He had a flirtatious look in his eye when I caught sight of him in the long line at Starbucks. He was handsome and way too young for this 41-year-old mother, but he definitely seemed happy with what he saw!
Who, me? was my first thought as I processed what was happening. OMG! OMG! What do I do? Do I smile? Do I flirtatiously flip the hair lying under my baseball cap? How could this be?
A man was checking me out. I was giddy at the thought. I also felt just a bit ashamed that I would even care. The feminist in me wanted to be disgusted by a guy checking me out, but the truth is, I wasn't. Instead, my heart fluttered. I was reminded of who I used to be — someone who kept up with her hair and fitness, someone who would buy a new outfit for every fun, social outing I attended. I remembered my pre-kid days and what it was like to flirt and date and be excited about the thought of connecting with a member of the opposite sex. And so, I was flattered in that Starbucks line. It felt good. I felt renewed. And even as I wondered if — maybe — I wasn't totally past my prime, I felt younger.
My daughter stood beside me as I grinned proudly and stepped up to the barista with an unfamiliar confidence. I paid for my iced macchiato, and as we headed over to the pickup (pun intended) area, I couldn't help but glance back at the stranger behind us in line. That's when it hit me like a freight train: his eyes were directed toward my beautiful, young, athletic daughter. He was not checking me out at all — he was checking her out the whole time! I am such an idiot, I thought. Of course he wasn't checking me out!
Suddenly, I was disgusted with his actions. It was cute and flattering for me, but completely gross and unacceptable when I realized he was hitting on my 15-year-old!
I couldn't believe it, either. How did this happen? My daughter had (as if overnight) become a young woman. I wasn't prepared for guys to be checking her out at all. Certainly not ones who could have been checking out her mom. I never saw this day coming. I didn't know how to act or what to do. Should I tell her or is that just weird? The questions flooded my mind like rapid fire — has she ever noticed a guy checking her out before? Is this my new norm? Is this her new norm? OMG, does she have a boyfriend? Has she ever kissed a boy?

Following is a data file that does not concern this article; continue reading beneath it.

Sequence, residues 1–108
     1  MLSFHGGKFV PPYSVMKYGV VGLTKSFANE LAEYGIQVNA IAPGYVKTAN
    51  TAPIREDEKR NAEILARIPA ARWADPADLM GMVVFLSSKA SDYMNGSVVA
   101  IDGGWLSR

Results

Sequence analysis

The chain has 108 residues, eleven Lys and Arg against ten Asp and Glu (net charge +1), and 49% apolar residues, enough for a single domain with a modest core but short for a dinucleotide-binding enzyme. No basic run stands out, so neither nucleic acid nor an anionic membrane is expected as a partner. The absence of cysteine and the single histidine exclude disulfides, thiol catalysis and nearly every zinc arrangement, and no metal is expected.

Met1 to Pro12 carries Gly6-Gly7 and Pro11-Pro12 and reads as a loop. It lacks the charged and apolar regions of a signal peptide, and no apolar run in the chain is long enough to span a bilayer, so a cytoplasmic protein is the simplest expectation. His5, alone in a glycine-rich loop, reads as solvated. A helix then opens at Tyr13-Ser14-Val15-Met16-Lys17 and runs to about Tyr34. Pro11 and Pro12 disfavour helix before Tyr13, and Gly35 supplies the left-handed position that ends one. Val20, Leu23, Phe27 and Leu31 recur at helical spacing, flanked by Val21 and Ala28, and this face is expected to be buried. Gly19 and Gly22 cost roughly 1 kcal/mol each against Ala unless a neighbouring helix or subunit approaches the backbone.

Life as I knew it had changed forever. In this one, unexpected moment, I saw my daughter differently for the first time and I just wasn't ready. I wasn't ready to welcome dating, heartbreak and gynecologist visits into my precious daughter's life — not yet. And I really wasn't ready to admit what this meant for me — there was no going back to the glory days of being young and carefree. While I may feel forever 28, I sure as hell don't look it — and that is OK.
Life happens and it happens quickly. Days turn to weeks and weeks to months and before you know it, your baby girl is the desire of some stranger's eye in line at a random Starbucks and you, mama, well, you are a middle-aged, wise, loving mother who can't comprehend where the time has gone. You may long for the days of size 4 pants and a wrinkle-free forehead, but don't worry, that will pass — because life has a way of throwing acceptance in your face, whether you like it or not.
And so, with my iced macchiato in hand, I looked at my daughter and decided not to tell her what I just witnessed. I wanted to keep her as my little girl for just a bit longer — even if it was only one extra day.